Rising fuel concerns aren't the only reason: "Compact cars are popular graduation gifts."
Chris Woodyard - USA TODAY - April 12, 2007
Cars like the Honda Fit are still showing sales gains.
Fast-growing sales of the smallest cars are siphoning market share from compact sedans, auto industry experts say.
Sub-subcompacts "are the new hot darlings of the market," says George Peterson of industry consultant AutoPacific.
Sales of the minis doubled in the first quarter compared with a year ago, when some of the smallest models hadn't yet gone on sale.
"We're just starting to see more interest in that part of the market," says General Motors spokesman John McDonald. Sales of GM's tiny Chevrolet Aveo rose 44% over the first three months, while those of the next-size-up Chevy Cobalt were off 20%, according to Autodata.
Mini Cars Maximize Sales
March sales of popular mini cars and compacts and change from a year earlier:
|Mini cars|| Units sold||% chg|
|Compacts|| || |
Honda Fit, Toyota Yaris, Nissan Versa and Hyundai Accent were other tiny cars showing sales gains.
Meanwhile, sales of bigger compacts, including Nissan Sentra, Honda Civic, Ford Focus and Hyundai Elantra, tapered off during the first quarter. The category was off an average of 2.8%.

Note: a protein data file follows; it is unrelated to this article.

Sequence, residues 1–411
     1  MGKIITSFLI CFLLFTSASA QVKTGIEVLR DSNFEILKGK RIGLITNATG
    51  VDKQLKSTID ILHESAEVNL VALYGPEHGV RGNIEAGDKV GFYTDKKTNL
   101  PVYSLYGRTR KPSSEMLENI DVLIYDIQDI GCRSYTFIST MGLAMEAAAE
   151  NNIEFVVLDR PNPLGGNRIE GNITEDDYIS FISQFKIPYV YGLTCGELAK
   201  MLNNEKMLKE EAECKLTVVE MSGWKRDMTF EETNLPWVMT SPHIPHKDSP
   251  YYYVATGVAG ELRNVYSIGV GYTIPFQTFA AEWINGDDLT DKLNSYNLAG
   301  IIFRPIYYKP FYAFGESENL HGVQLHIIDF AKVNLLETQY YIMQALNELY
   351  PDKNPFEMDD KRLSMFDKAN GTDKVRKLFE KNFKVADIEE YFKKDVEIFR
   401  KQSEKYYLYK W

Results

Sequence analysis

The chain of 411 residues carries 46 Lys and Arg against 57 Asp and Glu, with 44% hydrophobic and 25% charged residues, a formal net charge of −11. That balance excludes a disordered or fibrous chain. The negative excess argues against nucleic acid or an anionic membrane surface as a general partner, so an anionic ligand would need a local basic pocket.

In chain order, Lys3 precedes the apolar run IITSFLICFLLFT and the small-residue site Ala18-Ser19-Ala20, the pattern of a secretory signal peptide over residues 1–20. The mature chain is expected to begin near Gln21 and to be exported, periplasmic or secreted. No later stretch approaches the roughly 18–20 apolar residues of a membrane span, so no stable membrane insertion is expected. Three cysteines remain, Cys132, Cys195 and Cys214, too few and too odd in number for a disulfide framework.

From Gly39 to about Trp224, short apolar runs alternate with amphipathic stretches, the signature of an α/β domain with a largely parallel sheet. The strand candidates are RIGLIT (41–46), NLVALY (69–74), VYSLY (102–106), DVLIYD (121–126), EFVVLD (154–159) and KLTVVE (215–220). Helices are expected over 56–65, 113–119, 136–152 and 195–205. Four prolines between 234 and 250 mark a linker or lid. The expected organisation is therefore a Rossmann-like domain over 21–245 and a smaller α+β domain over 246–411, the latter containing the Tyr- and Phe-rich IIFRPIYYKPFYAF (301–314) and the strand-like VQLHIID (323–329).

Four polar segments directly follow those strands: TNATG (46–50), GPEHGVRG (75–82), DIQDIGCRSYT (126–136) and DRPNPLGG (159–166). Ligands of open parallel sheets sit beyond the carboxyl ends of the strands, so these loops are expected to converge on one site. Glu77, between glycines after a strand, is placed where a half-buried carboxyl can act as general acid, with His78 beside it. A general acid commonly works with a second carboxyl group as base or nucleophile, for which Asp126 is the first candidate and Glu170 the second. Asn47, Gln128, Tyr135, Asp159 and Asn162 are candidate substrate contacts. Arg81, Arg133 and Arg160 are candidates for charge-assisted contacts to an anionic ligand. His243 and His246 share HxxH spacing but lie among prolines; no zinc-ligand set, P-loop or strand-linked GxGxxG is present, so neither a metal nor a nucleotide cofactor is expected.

Dealers averaged a 42-day supply of the tiniest cars in the first quarter, 11 days less than for compacts, Power Information Network reports. A year ago, the relationship was reversed, with compacts in shorter supply.
Still, the minis are just getting started as a factor in the U.S. auto market. All the sales in the category totaled just slightly more than those of the second-biggest selling compact, Civic, during the first three months.
Some customers may be resisting compacts nowadays because they have slowly gotten bigger, says Alex Rosten, industry analyst for Edmund's AutoObserver.com. The 2007 Civic has the same basic headroom and legroom as a 1990 Honda Accord, traditionally the larger model.
Toyota, Honda and Nissan officials say their smallest models are not stealing sales from their mainstay compacts. "The cars are unique enough they are going to get their own buyers," says Nissan's John Schilling.
The customer profiles are different, says Toyota spokesman Bill Kwong. Yaris attracts younger, single buyers, while Corolla draws young couples.
Civic has seen slower growth this year because dealers are hustling to move more intermediate-size Accords before a new version arrives, says Honda spokesman Sage Marie.
And not all compact car sales are stumbling. Mazda3 sales are up nearly 47% for the first three months of the year. Now that gasoline prices are rising, compact cars could see a resurgence, says George Pipas, Ford Motor's sales analyst. Although down for the quarter, sales of the compact Focus rose in March right along with gas prices.
Rosten thinks compact sales will rebound in the spring. And rising fuel concerns aren't the only reason: "Compact cars are popular graduation gifts."